Though a handful of films released directly on TV in the late 80s and the early 90s, it was a trend that never really picked up. However, with the advent of the digital age, a lot of producers find the option of releasing their films on a streaming platform more viable than putting it out in theatres.
‘Yours Truly’ was shot towards the end of 2017 and made rounds of several film festivals last year, released on Zee5, an OTT platform. This is the first Hindi feature film directed by Sanjoy Nag, who has earlier directed a English feature (‘Memories In March’) and a Bengali film (‘Parapaar’).
Mithi Kumar (Soni Razdan) shares a part of her old family home with her tenants which comprises of Vijay (Pankaj Tripathi), his wife and a daughter. She is the only resident on the first floor, the part of the house which she lives in. For years, her loneliness has been her constant companion. She works in a government office where people are from being affable. In this quiet and lonely life, the only thing that gives her some happiness is the voice of a railway announcer. She finds comfort in his voice and starts writing letters to him. Will she ever get to meet him?
The first few minutes of the film introduce us to Mithi’s world. Even the train that we see from her window in the first shot is an integral part of her life. The film has a runtime of one hour and sixteen minutes and yet, it feels a little long. Perhaps, giving one a broader glance into Mithi’s life or tapping into a few more aspects into her personality would have helped one relate to the story a little better. There are several moments that register a strong impression and the nuances in the narrative come to the fore well. We get to know Vijay’s voice only through her voice and not her face. We get to know about the parochial mindset she adheres to and her disdain towards her own daughter who happens to be differently abled. Mithi’s need for companionship and the silent suffering she goes through on a regular basis as a result of her loneliness is palpable throughout the film.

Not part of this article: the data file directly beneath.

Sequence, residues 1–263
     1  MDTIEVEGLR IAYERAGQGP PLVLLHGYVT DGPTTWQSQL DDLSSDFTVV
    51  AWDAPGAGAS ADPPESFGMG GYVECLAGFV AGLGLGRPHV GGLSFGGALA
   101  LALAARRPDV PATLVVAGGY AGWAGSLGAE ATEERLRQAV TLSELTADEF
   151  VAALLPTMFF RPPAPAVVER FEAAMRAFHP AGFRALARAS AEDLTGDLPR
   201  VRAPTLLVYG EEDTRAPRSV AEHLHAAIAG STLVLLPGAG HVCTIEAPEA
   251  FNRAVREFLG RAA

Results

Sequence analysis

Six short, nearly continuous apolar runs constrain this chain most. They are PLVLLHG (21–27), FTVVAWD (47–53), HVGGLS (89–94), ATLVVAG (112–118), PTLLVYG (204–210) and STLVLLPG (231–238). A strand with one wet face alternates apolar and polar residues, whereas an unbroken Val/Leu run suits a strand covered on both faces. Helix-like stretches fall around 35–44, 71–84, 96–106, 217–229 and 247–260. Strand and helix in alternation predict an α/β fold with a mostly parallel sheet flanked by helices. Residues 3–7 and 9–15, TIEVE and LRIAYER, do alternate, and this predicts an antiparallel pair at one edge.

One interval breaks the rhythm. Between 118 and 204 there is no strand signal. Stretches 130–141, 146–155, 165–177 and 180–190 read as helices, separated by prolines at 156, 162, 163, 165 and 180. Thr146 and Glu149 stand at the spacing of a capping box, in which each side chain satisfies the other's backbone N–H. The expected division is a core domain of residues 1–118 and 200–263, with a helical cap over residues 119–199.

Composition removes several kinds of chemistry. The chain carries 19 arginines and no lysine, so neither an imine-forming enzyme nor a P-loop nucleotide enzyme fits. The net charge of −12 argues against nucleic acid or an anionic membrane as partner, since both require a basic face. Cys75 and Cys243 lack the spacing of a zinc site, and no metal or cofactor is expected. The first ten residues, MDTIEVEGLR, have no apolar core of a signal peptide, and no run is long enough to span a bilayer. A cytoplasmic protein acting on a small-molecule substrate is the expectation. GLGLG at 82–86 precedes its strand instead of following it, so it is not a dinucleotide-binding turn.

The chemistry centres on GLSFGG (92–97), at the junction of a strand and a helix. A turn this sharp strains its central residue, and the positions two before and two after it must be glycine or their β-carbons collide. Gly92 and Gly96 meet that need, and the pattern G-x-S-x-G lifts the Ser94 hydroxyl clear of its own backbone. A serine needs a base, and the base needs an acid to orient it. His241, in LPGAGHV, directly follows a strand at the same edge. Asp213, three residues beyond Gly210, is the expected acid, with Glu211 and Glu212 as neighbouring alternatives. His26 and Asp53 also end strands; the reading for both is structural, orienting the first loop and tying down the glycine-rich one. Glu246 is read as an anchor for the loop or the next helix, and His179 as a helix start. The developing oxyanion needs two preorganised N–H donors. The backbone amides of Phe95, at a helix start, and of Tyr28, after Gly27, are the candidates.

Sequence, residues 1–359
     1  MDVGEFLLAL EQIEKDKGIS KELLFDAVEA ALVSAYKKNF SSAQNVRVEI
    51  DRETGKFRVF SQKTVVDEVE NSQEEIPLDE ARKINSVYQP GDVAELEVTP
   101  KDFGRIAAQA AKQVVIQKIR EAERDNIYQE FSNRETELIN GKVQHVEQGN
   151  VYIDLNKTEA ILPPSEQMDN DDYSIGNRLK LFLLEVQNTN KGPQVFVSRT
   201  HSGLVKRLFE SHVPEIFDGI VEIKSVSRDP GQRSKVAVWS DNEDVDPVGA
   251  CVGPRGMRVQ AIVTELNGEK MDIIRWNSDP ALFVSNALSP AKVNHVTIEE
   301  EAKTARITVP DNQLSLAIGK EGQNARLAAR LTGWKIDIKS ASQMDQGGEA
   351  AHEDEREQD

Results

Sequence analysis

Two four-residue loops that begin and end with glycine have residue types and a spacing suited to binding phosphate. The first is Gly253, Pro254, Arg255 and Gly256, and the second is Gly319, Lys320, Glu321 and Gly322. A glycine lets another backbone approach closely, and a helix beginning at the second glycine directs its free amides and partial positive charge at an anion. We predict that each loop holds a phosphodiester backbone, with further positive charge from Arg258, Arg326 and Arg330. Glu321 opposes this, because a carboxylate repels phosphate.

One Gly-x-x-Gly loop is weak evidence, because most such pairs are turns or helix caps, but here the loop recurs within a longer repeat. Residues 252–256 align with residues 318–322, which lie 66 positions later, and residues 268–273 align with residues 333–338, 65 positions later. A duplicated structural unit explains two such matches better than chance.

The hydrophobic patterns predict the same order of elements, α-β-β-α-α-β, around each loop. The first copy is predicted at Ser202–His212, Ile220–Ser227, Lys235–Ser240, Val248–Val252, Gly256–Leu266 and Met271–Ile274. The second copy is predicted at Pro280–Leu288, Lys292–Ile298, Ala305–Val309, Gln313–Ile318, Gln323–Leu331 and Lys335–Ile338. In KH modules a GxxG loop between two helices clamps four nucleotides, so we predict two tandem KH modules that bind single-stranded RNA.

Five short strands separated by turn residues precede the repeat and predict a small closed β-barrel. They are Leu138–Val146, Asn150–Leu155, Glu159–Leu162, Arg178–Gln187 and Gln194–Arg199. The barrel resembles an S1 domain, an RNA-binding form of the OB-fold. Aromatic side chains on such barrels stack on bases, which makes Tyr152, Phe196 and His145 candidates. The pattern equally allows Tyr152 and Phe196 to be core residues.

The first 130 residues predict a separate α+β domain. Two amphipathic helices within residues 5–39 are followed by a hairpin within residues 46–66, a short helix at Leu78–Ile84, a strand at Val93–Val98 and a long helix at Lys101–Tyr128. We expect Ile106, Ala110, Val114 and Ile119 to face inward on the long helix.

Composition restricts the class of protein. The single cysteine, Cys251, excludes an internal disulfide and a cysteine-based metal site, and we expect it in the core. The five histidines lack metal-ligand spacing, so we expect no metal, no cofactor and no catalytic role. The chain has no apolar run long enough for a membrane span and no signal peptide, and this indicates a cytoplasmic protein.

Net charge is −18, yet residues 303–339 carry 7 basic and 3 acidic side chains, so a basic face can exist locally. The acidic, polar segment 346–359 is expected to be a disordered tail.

The film’s biggest strength, without a doubt, is Soni Razdan’s performance. The actress, whom we do not get to see in too many films, has been aptly cast in the role of an ageing, lonely woman. Her devout performance, in a way, drives the film. Aahana Kumra gets limited scope but leaves a mark as Laali, Mithi’s younger sister. Pankaj Tripathi’s role reminds one of similar characters the actor has portrayed in the recent past. Vinay Pathak does a very good job with the voiceover. Mahesh Bhatt is fine in a cameo.
While I still believe every film deserves a theatrical release, perhaps releasing certain films on digital platforms where it is easier to distribute them across a wide network with limited print and publicity costs, is not a bad idea after all.